Friday Inspiration: Arnold Newman

Stravinsky

I was prompted to look at Arnold Newman’s photographs this week. Arnold Newman is widely thought of as the ‘Father of Environmental Potraiture’, contributing photographs to all major publications from Life to Scientific American and everything in between. He got his start in portraiture by taking photographs of artists. At the time the artists he photographed were neither rich nor famous and Newman himself was an unknown, honing his craft. His approach of using the camera to explore the world of the person he’s photographing, to show something of their character by placing them in their surroundings began with his work with the artists.

He has said that a good portrait must first be a good photograph. For me the most iconic of his photographs is that of Stravinsky shown above. Stravinsky propping his head on his arm neatly echoes the way that the lid of the piano is propped open. It is a strongly graphic, minimal image that appeals to me greatly. Looking at many of his other portraits you start to see how he has stripped away all but the essentials that he needs to tell the story of the artist, celebrity or statesman.

An exhibition of his work ‘Arnold Newman – Masterclass’ is now showing at the Contemporary Jewish Museum in San Fransisco. If you’re not able to Make it to the show you can watch a gallery tour given by the shows curator William Ewing here. There’s also a catalog to accompany the exhibition that can be had here.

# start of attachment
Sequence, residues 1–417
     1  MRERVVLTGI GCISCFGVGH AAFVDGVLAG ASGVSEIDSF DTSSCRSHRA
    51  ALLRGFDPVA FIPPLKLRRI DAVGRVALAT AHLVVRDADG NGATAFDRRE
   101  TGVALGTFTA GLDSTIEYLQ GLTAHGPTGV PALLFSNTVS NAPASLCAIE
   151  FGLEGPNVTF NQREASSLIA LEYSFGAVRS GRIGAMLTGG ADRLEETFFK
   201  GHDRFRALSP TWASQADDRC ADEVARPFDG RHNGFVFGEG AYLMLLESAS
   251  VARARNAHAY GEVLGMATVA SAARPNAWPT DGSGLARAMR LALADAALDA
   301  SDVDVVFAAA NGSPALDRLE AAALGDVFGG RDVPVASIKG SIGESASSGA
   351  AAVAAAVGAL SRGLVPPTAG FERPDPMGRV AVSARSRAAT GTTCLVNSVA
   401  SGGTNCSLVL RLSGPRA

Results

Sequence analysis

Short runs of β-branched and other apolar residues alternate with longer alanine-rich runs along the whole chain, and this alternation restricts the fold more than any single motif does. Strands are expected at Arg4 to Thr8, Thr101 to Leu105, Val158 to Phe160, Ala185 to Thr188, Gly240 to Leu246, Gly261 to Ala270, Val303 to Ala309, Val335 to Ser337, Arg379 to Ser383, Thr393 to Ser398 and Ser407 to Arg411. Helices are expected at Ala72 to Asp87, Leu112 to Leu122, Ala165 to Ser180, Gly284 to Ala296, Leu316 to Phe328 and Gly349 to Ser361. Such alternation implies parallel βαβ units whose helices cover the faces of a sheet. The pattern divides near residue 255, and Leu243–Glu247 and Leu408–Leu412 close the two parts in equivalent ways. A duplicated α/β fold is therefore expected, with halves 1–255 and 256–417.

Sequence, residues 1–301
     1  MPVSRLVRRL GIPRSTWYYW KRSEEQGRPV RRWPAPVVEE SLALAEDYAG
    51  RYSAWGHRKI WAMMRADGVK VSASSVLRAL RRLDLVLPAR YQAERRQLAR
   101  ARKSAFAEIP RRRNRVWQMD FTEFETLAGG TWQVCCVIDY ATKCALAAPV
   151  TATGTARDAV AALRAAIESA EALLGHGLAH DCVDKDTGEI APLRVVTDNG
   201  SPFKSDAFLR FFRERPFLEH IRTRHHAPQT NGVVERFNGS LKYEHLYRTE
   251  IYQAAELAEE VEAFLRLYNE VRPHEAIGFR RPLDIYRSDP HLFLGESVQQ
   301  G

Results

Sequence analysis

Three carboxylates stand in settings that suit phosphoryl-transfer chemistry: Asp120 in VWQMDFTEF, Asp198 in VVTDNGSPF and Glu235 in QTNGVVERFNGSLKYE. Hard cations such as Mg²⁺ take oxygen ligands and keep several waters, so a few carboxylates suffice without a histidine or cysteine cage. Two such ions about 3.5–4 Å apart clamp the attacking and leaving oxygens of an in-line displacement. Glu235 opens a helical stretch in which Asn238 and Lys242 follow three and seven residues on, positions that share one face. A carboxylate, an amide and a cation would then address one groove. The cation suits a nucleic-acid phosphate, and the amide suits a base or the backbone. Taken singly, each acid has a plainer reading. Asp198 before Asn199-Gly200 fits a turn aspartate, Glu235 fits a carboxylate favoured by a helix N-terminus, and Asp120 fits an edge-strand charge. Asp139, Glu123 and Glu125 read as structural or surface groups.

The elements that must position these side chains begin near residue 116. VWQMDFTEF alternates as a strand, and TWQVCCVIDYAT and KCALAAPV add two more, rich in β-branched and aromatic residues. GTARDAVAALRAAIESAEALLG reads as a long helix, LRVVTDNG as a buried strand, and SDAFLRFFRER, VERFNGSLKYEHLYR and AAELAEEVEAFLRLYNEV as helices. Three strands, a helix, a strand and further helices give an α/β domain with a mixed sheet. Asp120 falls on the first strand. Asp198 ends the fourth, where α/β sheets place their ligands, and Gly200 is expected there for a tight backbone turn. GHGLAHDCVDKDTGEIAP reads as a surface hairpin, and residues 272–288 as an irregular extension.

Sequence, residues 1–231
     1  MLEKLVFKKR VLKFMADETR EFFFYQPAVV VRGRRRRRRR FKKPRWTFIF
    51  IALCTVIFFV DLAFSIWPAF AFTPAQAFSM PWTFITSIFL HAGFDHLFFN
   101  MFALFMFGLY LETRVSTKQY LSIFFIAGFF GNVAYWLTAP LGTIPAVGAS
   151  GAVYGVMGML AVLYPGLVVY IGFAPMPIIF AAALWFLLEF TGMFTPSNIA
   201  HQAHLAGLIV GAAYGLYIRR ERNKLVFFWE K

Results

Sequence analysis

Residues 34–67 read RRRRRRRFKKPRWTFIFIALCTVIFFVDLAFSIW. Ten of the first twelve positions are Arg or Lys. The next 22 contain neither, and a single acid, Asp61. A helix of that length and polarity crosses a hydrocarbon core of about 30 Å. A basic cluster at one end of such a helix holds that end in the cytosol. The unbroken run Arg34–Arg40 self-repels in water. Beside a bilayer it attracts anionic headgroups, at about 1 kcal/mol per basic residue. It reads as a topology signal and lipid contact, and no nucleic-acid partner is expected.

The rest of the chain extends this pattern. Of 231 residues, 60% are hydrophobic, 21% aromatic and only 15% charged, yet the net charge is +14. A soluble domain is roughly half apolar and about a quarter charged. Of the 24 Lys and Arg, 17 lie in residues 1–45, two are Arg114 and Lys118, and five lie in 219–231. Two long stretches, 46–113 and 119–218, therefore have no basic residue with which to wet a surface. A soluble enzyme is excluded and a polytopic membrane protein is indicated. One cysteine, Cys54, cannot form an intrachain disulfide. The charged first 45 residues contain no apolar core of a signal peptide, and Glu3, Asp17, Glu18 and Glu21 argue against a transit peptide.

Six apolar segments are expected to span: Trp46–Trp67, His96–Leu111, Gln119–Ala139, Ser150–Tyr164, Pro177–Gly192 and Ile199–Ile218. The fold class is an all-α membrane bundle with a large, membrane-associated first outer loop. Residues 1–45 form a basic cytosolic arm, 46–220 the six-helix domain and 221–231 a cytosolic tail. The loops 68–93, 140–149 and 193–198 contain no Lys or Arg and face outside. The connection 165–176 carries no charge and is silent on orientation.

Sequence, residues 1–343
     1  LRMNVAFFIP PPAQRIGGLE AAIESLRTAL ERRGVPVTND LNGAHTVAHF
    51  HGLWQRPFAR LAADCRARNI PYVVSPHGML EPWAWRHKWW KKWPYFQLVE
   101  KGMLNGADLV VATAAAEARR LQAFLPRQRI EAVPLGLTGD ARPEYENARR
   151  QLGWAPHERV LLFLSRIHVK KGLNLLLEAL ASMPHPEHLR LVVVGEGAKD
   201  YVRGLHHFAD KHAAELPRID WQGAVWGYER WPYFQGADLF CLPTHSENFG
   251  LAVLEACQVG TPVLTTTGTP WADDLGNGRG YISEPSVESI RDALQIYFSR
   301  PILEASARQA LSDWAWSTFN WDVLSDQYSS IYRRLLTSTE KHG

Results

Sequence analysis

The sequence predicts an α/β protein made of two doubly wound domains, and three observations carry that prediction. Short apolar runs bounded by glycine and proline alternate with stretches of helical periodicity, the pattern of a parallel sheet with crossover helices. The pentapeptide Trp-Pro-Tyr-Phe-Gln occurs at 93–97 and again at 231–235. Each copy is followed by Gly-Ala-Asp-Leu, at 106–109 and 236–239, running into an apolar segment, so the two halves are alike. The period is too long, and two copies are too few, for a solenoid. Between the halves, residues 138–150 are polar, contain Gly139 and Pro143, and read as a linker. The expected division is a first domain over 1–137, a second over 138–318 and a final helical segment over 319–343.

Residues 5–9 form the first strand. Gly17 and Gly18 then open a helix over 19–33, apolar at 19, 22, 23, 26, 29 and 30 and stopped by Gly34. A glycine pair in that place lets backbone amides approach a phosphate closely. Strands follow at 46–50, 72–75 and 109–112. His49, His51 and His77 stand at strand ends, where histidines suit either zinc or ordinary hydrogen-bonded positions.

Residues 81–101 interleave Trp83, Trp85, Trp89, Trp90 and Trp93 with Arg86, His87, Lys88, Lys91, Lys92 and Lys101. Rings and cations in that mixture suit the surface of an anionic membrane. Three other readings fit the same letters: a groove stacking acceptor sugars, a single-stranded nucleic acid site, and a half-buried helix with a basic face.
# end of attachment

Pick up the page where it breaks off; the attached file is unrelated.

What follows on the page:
Finally check out the interview with Newman below for insights into how he worked and a behind the scenes look at how some of his most famous images were made.

Friday Inspiration: Joey L.

I recently came across a solid recommendation for Joey L.’s new book Photographing Shadow and Light: Inside the Dramatic Lighting Techniques and Creative Vision of Portrait Photographer Joey L.¬†and decided to give Joey a second chance after writing him off based on his performance at the GPP 2010 photo shoot out. Check that out here.

I must say that I was glad that I did. His book covers both his personal and commercial work and gives what seems to me to be a pretty decent look behind the scenes at how he approaches shooting. Much more interesting to me were the videos that Cale Glendening produced of some of Joey’s trips to make the personal work. I was impressed with the time that Joey puts in to get to know his subjects and his willingness to go the extra mile to break down barriers and build relationships. Well worth a look. Look out for Cale getting a traditional Mentawai tattoo. Check out the videos below.